These two plotlines fold into each other to form Broken Age’s main themes of rejecting the systematic lives their characters are placed in, and being brave enough to discover the world for themselves. It’s rebellion without anarchy; breaking out to find who you are, not out of distaste of the world, but a desire to make it better if only you’d be given the ability to think and act for yourself.
You could label Broken Age a coming of age story (in fact it itself does), but it’s so much more sincere than I feel that commonly implies. Its characters are delightful and lively and often absurd, but also fully developed in how they fit within their world. They fully embody their roles and proclaim them so effectively that it felt like I knew the people I was talking to, as if they had somehow taken on a life outside of the game. Even characters you see in only a single scene or who are given but a few lines of dialogue have so much personality and heart in their interactions that they transcend their small part into the larger world of the game.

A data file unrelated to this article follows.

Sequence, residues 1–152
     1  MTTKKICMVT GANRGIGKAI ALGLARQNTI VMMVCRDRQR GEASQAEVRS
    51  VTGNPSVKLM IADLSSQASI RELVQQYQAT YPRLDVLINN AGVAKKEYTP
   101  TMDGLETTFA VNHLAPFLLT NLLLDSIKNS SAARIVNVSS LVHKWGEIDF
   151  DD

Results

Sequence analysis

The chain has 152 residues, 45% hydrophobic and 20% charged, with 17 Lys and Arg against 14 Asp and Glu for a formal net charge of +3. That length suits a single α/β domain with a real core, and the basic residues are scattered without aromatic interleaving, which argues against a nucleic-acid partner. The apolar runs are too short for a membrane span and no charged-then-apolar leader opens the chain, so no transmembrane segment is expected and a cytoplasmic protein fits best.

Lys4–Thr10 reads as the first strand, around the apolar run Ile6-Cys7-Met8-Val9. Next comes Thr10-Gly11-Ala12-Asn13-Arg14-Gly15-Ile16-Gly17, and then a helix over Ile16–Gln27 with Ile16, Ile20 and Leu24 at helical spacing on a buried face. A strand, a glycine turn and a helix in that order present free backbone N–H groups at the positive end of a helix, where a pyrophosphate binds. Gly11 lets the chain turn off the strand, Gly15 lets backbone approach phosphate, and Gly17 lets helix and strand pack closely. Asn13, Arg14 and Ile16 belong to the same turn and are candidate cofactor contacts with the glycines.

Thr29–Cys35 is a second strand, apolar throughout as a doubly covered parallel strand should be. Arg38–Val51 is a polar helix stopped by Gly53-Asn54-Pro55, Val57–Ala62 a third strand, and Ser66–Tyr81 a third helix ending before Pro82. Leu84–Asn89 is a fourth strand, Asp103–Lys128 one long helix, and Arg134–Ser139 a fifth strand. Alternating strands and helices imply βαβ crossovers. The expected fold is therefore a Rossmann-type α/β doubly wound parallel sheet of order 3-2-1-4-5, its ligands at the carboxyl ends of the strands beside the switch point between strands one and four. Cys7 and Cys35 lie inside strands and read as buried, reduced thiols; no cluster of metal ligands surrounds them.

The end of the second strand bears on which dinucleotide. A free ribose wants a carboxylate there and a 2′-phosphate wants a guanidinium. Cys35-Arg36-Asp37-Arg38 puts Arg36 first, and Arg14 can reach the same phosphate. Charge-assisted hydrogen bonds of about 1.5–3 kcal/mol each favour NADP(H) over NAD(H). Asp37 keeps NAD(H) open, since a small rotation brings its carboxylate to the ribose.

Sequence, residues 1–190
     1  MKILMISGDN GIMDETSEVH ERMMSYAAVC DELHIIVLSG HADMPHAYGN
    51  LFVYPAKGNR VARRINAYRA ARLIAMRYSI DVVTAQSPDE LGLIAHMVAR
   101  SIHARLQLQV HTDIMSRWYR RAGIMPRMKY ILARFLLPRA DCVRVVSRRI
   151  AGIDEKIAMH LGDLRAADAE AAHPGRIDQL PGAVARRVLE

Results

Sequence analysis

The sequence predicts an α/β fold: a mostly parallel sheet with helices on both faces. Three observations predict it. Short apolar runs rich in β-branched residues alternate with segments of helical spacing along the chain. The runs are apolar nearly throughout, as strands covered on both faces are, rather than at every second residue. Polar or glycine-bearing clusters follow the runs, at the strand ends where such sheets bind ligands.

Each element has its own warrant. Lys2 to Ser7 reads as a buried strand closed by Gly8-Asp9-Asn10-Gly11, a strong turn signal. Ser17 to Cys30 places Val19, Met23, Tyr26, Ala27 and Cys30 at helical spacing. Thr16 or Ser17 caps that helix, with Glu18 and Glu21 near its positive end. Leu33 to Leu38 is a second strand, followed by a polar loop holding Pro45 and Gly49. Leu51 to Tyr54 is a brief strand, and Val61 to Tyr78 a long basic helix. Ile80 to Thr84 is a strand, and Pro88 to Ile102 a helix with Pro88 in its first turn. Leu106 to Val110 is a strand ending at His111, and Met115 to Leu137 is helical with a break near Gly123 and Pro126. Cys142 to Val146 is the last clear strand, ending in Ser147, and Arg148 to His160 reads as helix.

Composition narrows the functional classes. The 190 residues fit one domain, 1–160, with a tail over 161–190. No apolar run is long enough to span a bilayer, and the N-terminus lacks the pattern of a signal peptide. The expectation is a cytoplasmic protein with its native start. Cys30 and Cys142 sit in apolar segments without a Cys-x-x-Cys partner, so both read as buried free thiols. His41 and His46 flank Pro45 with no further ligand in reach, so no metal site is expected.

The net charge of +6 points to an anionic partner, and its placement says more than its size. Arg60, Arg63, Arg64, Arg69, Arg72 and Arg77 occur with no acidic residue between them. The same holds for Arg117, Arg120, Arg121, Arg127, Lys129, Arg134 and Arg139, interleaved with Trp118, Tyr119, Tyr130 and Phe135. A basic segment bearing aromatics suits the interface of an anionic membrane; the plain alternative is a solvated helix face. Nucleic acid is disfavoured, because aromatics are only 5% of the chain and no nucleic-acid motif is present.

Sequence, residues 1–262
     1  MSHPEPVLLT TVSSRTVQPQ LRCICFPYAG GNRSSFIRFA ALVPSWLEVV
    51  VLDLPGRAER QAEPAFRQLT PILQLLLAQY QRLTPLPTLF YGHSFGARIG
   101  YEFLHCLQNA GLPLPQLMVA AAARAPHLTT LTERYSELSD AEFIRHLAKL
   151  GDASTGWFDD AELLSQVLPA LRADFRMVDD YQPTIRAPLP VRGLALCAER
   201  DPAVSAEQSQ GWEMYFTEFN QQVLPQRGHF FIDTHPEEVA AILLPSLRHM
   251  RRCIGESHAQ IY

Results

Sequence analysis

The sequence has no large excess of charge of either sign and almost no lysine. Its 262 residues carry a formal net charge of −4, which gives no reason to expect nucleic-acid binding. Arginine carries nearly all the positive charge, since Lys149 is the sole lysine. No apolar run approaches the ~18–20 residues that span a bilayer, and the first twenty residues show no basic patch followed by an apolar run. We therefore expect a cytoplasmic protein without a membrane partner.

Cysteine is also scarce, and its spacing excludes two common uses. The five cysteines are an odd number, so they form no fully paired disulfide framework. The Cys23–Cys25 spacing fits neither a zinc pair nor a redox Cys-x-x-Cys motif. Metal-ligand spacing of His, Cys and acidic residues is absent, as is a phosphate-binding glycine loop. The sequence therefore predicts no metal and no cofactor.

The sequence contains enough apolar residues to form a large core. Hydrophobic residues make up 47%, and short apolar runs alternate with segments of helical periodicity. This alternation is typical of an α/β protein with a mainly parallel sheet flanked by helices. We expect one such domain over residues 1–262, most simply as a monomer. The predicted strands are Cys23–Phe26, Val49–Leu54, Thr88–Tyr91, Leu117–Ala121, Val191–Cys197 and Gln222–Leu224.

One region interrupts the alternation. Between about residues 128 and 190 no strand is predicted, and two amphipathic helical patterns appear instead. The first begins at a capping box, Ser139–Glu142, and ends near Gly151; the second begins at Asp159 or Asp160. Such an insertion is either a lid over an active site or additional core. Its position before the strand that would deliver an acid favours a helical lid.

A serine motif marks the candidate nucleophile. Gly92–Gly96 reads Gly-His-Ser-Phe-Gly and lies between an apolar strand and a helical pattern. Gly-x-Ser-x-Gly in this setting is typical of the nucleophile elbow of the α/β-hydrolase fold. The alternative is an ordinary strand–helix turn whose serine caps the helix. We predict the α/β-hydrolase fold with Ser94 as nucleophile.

Double Fine has always been a developer recognized for brilliant writing and characterization, but I’ve never felt as immersed in the worlds they created or as invested in their characters as with Broken Age. As bizarre as their circumstances become, I connected with Shay and Vella’s plight for freedom of their parental and societal shackles, and was as curious as them upon entering a new area and meeting its peculiar inhabitants.
For all I know act two could be a complete disaster. It could cause Broken Age to go down as one of the most disappointing games in recent memory and probably cause even me to think twice before checking out anything Double Fine puts out in the future. But for now, it’s sublime, beautiful, expertly pinned, and not afraid to wear its heart on its sleeve. As a huge fan of all things Double Fine, I’m finding it hard not to readily declare this their best work yet, which I consider no small praise.
Act II Update
Perhaps I expected too much.